Credit Fluctuations and 'Neglected Crash Risk' in U.S. Bank Returns

57 Pages Posted: 12 Oct 2019

See all articles by Marius Mihai

Marius Mihai

City University of New York (CUNY), The Graduate Center, Department of Economics

Date Written: September 30, 2019

Abstract

Using U.S. quarterly data from 1960, the paper studies the interaction between bank stock returns and aggregate credit fluctuations on a set of economic dimensions. First, I investigate the source of "Neglected Crash Risk" in U.S. bank returns using a new deviation measure of aggregate loans per capita called ltd. A one standard deviation increase in ltd decreases bank stock returns by 5%, and their dividend growth by almost 6% over the following year. This variable embeds important information about both future returns (discount rate news) and cash flow growth (dividend news); yet a decomposition of future unexpected bank returns shows a higher incremental effect associated with the variance of news about the discount rate. Second, I quantify the size of "Neglected Crash Risk" and find it is economically and statistically significant at different forecast horizons and for different degrees of credit boom intensity. I interpret its size as the outcome of differences in perceived disaster probabilities by investors across credit regimes. Lastly, changes in monetary policy activate crash risk in the perception of commercial bank investors. A straightforward application of the local-projection methods of Jorda (2005) illustrates that a contractionary-type monetary policy action decreases bank returns more when the economy had experienced credit booms in the past.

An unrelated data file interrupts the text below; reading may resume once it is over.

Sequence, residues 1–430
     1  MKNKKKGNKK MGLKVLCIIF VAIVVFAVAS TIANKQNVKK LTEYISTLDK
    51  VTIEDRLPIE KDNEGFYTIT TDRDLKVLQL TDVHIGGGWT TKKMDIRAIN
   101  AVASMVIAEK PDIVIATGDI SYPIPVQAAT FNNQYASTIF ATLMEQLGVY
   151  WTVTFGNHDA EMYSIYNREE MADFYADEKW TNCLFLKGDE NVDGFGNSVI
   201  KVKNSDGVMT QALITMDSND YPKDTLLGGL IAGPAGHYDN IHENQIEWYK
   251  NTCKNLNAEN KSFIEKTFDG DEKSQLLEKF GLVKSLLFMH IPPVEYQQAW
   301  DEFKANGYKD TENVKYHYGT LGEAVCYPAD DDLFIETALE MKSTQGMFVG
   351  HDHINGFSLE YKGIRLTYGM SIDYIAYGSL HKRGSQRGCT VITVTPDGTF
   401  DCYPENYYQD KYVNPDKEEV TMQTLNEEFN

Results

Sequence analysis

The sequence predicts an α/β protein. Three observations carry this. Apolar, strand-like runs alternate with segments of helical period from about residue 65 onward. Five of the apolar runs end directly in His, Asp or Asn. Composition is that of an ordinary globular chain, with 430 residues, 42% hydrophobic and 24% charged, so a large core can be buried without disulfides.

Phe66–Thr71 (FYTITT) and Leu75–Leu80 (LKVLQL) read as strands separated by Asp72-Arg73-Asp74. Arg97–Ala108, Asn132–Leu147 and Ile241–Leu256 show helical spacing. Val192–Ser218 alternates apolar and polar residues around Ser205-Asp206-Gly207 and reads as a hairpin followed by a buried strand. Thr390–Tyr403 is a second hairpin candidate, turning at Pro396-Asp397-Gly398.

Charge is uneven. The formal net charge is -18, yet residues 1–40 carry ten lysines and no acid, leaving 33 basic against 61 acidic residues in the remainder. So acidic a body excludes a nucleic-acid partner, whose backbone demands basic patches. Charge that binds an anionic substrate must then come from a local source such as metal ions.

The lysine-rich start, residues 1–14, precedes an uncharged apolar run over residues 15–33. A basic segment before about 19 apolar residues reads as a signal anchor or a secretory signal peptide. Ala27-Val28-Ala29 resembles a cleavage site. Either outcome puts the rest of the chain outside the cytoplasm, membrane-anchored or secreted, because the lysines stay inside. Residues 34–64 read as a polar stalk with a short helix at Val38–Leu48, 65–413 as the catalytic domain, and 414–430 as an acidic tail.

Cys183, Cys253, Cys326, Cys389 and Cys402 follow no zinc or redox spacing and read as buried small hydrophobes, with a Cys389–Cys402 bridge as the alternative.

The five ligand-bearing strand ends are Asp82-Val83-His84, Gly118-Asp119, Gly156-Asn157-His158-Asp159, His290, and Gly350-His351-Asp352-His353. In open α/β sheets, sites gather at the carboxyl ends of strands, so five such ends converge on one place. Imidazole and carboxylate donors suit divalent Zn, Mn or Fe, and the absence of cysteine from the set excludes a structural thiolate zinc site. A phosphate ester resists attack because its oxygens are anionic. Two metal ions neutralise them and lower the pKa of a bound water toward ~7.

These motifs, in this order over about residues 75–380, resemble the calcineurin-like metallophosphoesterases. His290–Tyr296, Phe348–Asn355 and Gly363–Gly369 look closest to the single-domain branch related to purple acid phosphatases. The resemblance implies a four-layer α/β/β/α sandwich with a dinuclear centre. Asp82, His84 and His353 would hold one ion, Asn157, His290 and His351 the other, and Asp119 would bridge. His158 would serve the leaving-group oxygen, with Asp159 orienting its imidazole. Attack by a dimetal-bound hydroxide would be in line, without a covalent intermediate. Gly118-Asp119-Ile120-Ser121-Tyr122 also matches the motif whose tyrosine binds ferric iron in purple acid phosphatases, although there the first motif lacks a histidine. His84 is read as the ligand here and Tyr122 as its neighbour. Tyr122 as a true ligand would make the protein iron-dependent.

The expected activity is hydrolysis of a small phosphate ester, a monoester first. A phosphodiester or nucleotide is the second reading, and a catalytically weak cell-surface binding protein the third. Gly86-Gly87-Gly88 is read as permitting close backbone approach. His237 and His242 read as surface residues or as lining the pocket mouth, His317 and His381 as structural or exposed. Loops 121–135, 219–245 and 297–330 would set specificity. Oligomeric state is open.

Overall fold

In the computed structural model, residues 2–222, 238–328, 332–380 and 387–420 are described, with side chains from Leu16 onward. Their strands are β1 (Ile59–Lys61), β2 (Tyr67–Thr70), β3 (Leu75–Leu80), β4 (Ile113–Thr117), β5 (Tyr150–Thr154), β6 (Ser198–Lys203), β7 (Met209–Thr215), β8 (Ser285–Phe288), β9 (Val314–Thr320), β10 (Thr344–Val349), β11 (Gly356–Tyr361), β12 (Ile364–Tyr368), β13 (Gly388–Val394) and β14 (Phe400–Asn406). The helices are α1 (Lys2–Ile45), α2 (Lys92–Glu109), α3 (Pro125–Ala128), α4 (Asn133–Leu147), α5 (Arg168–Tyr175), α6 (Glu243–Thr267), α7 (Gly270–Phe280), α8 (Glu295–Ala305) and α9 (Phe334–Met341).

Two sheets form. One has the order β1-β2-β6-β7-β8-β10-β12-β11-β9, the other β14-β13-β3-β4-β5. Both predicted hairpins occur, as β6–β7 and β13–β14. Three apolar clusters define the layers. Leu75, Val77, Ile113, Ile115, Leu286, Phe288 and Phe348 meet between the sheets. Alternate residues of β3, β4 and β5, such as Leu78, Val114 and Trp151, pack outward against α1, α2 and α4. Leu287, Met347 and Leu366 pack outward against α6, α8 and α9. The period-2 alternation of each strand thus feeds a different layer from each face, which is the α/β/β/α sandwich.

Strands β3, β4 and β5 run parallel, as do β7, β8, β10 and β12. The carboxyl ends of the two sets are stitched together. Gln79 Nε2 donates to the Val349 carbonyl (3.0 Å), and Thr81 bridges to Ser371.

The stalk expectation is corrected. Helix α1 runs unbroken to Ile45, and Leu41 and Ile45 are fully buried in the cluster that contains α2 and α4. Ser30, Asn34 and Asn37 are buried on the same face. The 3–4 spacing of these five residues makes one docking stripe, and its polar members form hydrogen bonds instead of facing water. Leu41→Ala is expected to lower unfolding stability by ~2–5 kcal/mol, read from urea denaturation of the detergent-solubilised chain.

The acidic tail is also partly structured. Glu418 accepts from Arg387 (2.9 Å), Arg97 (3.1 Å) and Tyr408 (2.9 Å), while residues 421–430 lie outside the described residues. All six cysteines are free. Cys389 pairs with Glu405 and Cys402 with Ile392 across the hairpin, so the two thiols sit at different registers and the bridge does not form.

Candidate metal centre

Keywords: Credit Growth, Bank Stock Returns, Business Cycles, Monetary Policy

JEL Classification: G21, G17, E51

Suggested Citation

Mihai, Marius, Credit Fluctuations and 'Neglected Crash Risk' in U.S. Bank Returns (September 30, 2019). Available at SSRN: https://ssrn.com/abstract=3462620 or http://dx.doi.org/10.2139/ssrn.3462620

Marius Mihai (Contact Author)

City University of New York (CUNY), The Graduate Center, Department of Economics ( email )

365 Fifth Avenue, 5th Floor
New York, NY 10016
United States

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